Natural gas prices have been depressed for just a few years, but it feels like a lot longer. Numerous analysts (myself included) have tried to spot the bottom for this clean, abundant energy source, angling for the moment when supply comes down to -- and below -- the level of demand.
Back in January, I noted that this commodity might finally buck up once the domestic natural gas rig count slipped below 725.
By then, natural gas prices had slid from $6 per thousand cubic feet (MCF) to about $2.50, but the bottom wasn't in yet. The rig count kept falling, piercing the 700 mark and then the 600 mark, and still, gas prices couldn't find a floor. (The rig count now stands at 534 if you're keeping score.)
Yet just as most investors have thrown in the towel, they may have missed an important turn. Look at this two-week chart for natural gas.
Since late April, natural gas is up more than 40%.
It's safe to say that almost no one saw this coming.
Why the spike?
Gas has been in an uptrend for precisely the reason you'd expect. Demand is steadily rising (thanks in large part to the ongoing switch at power plants from coal to gas), and supply, if not shrinking, at least is no longer surging. The most recent price gains, which began on June 14, came from a U.S. Energy Information Administration report that highlighted a 67 billion cubic feet build in gas inventories, which is unusually low (compared with the more normal 88 BCF) for a period that is typically characterized by weaker demand ahead of the peak July and August summer season.
The fact that it has been unusually hot in much of the United States in recent days (and expected to stay that way for awhile) is leading gas traders to expect a faster-than-normal drawdown in inventories in the weeks ahead.
Short-covering also gets some of the credit. Bearish gas traders have been unwinding their positions, which means that further near-term gains are likely to be more muted -- if the short-covering process is nearly complete.
Still, natural gas producers must be downright giddy. The difference between $2 and $3 gas is the difference between losses (and funding pressures) and robust profits. If gas is able to hold its own in the $3 range and move toward $3.50 a year from now, as futures contracts imply, then the entire tone of media coverage and Wall Street analysis will pivot back to bullishness -- and smart investors will cash in.
With this in mind, here's a look at some of the top natural gas ideas from my esteemed colleagues here at StreetAuthority. To be honest, the timing on some of our calls have been off (as I mentioned before, few have been able to correctly time natural gas price movements), but these views look much more timely now.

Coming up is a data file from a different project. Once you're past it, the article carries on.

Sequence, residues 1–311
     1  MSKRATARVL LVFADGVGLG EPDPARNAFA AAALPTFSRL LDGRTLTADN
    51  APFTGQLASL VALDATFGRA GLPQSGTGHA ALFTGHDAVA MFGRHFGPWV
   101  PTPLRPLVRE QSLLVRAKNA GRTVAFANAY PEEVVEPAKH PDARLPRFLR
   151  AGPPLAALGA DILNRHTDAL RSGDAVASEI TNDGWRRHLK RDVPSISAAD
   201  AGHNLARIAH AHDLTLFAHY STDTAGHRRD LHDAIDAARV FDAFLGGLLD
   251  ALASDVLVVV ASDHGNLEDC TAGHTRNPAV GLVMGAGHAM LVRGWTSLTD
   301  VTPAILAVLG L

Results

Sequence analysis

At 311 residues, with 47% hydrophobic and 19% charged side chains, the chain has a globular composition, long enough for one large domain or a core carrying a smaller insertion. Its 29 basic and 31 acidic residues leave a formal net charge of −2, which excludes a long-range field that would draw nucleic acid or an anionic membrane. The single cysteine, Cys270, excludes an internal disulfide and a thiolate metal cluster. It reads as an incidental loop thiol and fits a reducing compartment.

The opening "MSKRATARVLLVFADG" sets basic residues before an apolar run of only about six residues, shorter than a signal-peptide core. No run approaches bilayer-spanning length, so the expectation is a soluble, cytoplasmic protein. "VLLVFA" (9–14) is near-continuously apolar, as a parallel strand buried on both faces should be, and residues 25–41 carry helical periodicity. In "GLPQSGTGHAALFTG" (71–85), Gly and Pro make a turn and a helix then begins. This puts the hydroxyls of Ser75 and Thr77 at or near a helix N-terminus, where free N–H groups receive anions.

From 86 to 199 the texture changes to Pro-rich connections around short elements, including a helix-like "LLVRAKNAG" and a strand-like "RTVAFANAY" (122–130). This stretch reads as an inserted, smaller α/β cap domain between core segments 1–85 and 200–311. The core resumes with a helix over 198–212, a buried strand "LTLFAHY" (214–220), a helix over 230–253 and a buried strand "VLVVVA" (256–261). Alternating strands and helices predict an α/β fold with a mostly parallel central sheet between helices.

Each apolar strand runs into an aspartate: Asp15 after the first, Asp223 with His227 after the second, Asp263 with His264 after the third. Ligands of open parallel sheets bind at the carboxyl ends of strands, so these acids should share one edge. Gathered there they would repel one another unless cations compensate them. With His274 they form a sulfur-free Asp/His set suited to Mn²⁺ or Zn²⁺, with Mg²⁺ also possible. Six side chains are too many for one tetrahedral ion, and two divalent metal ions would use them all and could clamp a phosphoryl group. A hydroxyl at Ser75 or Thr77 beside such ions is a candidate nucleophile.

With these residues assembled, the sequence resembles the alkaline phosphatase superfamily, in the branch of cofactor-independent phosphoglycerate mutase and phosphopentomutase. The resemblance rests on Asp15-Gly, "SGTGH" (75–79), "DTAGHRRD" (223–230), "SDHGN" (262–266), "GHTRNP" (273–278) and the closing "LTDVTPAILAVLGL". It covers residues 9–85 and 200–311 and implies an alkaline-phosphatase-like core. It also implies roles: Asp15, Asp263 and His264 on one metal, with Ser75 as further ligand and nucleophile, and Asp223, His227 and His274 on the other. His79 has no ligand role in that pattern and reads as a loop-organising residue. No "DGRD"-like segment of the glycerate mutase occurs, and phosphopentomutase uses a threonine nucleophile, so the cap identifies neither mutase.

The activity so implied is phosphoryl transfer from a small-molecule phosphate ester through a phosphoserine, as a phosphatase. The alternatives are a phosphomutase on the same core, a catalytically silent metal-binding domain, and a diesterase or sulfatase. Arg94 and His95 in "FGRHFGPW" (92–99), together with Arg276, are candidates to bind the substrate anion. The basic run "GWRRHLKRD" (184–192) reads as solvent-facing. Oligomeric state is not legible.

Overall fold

Our best ideas
Despite its name, Ultra Petroleum (NYSE: UPL) derives more than 90% of its revenue from natural gas. Roughly four months ago, Tim Begany spelled out why he thinks this company's profits could double by 2016. Shares have moved up from $18 to $23 over the past three weeks, and according to Tim, have ample further upside ahead.
Perhaps the most controversial stock in the natural gas sector also happens to be a favorite of my colleague Nathan Slaughter, editor of our Scarcity & Real Wealth newsletter. In a recent article, Nathan laid out the case for how Chesapeake Energy's (NYSE: CHK) impressive base of assets will eventually override the current concerns over debt loads. Rising gas prices surely strengthen Nathan's case.
Firmer gas prices should eventually lead drillers to tap more wells. To gain access to gas buried deep in shale formations, these drillers will need to hydraulically fracture (or "frack") the shale to access the gas beds. In a separate article, Nathan looked at the companies providing the tools and services to make that happen. Those companies -- and the stocks behind them -- look to benefit in a major way.
My favorite pick
My favorite stock pick in this space is still Marathon Oil (NYSE: MRO), which has thus far been a losing pick in my $100,000 Real-Money Portfolio due in large part to its legacy exposure to crude oil. Yet as I noted back in February, Marathon's $3.5 billion 2010 purchase of Hilcorp will make it a major player in the highly-productive Eagle Ford Shale.
Risks to Consider: As short covering is one of the reasons behind the upward move, long-oriented traders may now look to book profits, which could cause these stocks to pull back somewhat.
Action to Take --> Forecasts for continued hotter-than-normal temperatures across much of the United States for the next few weeks could push natural gas prices even higher. Any hurricane activity in the Gulf of Mexico would be an additional potential catalyst. On the upcoming round of quarterly conference calls, look for companies to revise their cash flow outlooks. Last quarter, they were bracing for a world of $2 gas. But $3 gas changes everything. And if prices indeed remain firm, then you'll want to position yourself to profit from stocks in this space.
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